Opinion

Why is Suu Kyi Absent from Asean?

By Myint Thin 30 January 2013

It is rather odd that the democratic icon of Burma, Aung Sann Suu Kyi, is not connected to the Association of Southeast Asian Nations (Asean) at all. Over the past few months, the only thing she has said about the bloc was her wish to see her country “overtaking Asean.” But she has not elaborated on this remark, which raises questions about how much she knows about Asean and its significance.

Since she has become a politician, winning big in last April’s by-elections, she has spent a great deal of time traveling around the world—particularly the Western half of it. India, Thailand and South Korea were the few stops she has made in Asia. However, she has yet to make a tour of Asean. In this connection, it will be interesting to watch her role next year when Burma is the Asean chair.

Looking back, Suu Kyi did at one time show some interest in engaging with Asean. In mid-July 1995, she agreed to meet up with Rangoon-based Asean diplomats, but that meeting was canceled after the ruling junta complained to the host, Brunei. And so she experienced her first disappointment with Asean.

Subsequently, she wrote a letter to the Asean foreign ministers asking them not to support the totalitarian regime by granting it membership. Unfortunately, her letter was sidelined because it was not submitted through a proper diplomatic channel.

U Myint Thin is a Burmese pseudonym for a veteran Thai journalist residing in Rangoon. His regular column, Across Irrawaddy, appears every Wednesday.
Myint Thin is a Burmese pseudonym for a veteran Thai journalist residing in Rangoon. His regular column, Across Irrawaddy, appears every Wednesday.
Myint Thin is a Burmese pseudonym for a veteran Thai journalist residing in Rangoon. His regular column, Across Irrawaddy, appears every Wednesday.

In June 1995, Burma expressed its interest in joining Asean and willingness to sign the Treaty of Amity and Cooperation and become an observer as the first step to join the grouping. The international community, liked Suu Kyi, called on Asean not to allow Burma to join due to the political oppression and human rights violations inside the country at the time. But Asean went ahead anyway, admitting Burma in 1997 along with Laos.

This decision strained relations between Asean and its dialogue partners from the West and overall cooperation was hampered. Suu Kyi’s freedom and democracy in Burma became one of the focal points of Asean relations with the West. Various economic sanctions were imposed on Burma throughout its membership, including some affecting privileges from economic agreements Asean has with the West. Burma also shied away from hosting the Asean chair in 2005, citing domestic conditions and unpreparedness.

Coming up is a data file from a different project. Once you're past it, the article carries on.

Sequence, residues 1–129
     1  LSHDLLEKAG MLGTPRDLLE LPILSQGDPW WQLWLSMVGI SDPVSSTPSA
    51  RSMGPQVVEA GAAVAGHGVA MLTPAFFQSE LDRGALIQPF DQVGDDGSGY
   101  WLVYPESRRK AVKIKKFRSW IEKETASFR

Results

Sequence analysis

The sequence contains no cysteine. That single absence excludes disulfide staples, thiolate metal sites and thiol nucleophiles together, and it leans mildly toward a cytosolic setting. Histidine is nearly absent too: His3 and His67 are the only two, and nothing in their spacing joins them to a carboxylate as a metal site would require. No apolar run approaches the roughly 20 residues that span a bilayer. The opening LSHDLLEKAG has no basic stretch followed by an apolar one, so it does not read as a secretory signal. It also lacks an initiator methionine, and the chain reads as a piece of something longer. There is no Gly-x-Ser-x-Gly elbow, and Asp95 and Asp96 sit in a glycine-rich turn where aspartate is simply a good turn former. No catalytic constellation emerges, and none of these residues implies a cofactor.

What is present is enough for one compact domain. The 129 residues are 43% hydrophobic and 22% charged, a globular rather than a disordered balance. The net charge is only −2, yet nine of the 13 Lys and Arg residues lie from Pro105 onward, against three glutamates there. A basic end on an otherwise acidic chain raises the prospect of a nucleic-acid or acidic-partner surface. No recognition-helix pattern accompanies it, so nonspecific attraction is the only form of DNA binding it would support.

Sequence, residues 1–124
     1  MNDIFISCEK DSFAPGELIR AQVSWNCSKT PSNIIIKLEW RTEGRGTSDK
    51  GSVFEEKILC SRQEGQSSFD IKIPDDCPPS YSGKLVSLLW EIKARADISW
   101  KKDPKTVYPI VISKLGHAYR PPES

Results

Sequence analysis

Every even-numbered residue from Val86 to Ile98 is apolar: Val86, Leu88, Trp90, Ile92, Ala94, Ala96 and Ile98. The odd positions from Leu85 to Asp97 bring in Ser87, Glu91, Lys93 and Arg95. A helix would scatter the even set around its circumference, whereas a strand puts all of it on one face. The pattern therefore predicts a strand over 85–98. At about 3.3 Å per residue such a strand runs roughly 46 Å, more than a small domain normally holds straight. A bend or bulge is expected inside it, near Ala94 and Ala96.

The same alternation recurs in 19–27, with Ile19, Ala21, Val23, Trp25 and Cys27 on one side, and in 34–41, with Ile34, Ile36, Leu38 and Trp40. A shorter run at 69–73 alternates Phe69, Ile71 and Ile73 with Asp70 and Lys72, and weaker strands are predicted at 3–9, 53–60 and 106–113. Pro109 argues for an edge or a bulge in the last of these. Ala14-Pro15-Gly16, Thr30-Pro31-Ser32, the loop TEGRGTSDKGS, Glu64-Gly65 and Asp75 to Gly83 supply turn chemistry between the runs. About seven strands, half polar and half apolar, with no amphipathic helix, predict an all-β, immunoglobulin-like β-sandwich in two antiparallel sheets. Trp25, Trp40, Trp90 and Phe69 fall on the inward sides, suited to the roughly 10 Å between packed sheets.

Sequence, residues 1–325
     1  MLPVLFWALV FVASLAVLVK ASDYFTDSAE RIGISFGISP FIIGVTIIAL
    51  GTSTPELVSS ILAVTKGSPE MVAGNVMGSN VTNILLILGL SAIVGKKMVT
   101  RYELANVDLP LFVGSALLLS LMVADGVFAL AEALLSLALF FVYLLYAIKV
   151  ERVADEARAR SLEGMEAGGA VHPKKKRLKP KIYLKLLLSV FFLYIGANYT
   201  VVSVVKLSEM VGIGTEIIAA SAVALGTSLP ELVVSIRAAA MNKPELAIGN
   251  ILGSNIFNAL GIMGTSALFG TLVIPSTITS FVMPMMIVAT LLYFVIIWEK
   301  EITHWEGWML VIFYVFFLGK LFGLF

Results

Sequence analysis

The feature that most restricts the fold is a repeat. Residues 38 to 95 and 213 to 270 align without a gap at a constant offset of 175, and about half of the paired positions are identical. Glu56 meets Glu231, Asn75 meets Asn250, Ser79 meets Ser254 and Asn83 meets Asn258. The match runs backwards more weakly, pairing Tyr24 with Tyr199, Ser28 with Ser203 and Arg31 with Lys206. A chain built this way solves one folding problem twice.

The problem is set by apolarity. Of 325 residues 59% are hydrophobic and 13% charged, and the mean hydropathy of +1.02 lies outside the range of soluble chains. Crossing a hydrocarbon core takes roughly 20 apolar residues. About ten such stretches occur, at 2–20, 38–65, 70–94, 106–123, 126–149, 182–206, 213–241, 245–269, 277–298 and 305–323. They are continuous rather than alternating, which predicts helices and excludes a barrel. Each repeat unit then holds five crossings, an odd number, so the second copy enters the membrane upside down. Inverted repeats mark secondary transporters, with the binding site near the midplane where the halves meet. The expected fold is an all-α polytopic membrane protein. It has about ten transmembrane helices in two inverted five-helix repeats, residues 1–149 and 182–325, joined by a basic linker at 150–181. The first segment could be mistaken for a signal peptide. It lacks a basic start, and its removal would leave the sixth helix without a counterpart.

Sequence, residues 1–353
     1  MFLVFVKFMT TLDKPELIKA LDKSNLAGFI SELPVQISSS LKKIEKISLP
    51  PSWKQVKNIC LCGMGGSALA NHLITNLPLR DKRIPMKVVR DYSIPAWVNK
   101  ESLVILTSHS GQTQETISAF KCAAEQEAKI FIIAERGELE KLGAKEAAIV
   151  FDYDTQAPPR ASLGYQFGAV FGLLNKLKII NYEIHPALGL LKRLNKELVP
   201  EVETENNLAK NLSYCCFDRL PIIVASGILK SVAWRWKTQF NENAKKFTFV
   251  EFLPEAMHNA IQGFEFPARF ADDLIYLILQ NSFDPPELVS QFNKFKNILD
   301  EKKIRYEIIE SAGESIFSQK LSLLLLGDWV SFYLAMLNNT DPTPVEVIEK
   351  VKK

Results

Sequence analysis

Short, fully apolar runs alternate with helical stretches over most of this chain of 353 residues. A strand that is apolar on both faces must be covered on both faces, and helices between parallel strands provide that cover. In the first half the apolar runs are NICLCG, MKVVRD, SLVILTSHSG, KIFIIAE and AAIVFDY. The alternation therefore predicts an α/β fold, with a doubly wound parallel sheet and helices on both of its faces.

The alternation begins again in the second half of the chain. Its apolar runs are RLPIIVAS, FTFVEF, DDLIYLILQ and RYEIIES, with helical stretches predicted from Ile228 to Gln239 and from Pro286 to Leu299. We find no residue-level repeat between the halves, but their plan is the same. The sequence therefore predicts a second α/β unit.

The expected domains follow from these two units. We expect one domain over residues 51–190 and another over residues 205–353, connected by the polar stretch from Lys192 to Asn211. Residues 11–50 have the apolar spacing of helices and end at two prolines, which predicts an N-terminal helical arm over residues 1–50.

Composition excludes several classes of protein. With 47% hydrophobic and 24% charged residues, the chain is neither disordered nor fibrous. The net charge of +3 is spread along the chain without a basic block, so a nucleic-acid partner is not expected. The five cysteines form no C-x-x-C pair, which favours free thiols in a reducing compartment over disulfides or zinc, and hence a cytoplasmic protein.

Over the past two years, however, all of these nightmares have passed. Burma has been active within Asean, trying very hard to catch up with the grouping in all the three pillars of the Asean Community—economic, political/security and social/cultural. The government agencies and officials are learning and acquainting themselves with Asean’s various protocols, procedures and key issues. Asean experts are training them to prepare them for taking over the chair next year. Somehow, the opposition party, the National League of Democracy, still does not know where to begin. As its leader, Suu Kyi should have led the way and set an example. But she has not yet shown any eagerness to connect with Asean.

Her supporters in Asean, including several close friends who used to campaign tirelessly for her freedom, are asking why this is so. They all wish to see Suu Kyi reconciled with Asean and playing a positive role in promoting the grouping’s democratic space and engagement with civil societies. It is a great opportunity for her to bring further reforms to Asean even if it failed to support her democratic struggle in the past. As a lawmaker, she can make a difference as Asean is becoming a single community in the next few years. For instance, she could link to the Asean Inter-Parliamentary Myanmar Caucus, which has fought for her freedom and continues to speak out on human rights violations inside the country.

Her informal region-wide networks would also be useful to drum up support to ensure that Asean becomes a truly people-driven community. It is interesting to note that during her incarceration, whenever Asean-based civil society organizations held meetings, they would request Suu Kyi to speak a few words to grace their meetings for insight and inspirations. Numerous video tapes were made in secret and smuggled out to these meetings. Those days are gone; so are these once cherished relations.

Asean needs a charismatic leader with moral authority to engage each other and with the international community. Suu Kyi could easily join the ranks. She is a Nobel Peace laureate who has become the symbol of democracy throughout the world. If she so desires, she can also help to strengthen democratic institutions within Asean. All she needs to do now is to turn her attention to the East.

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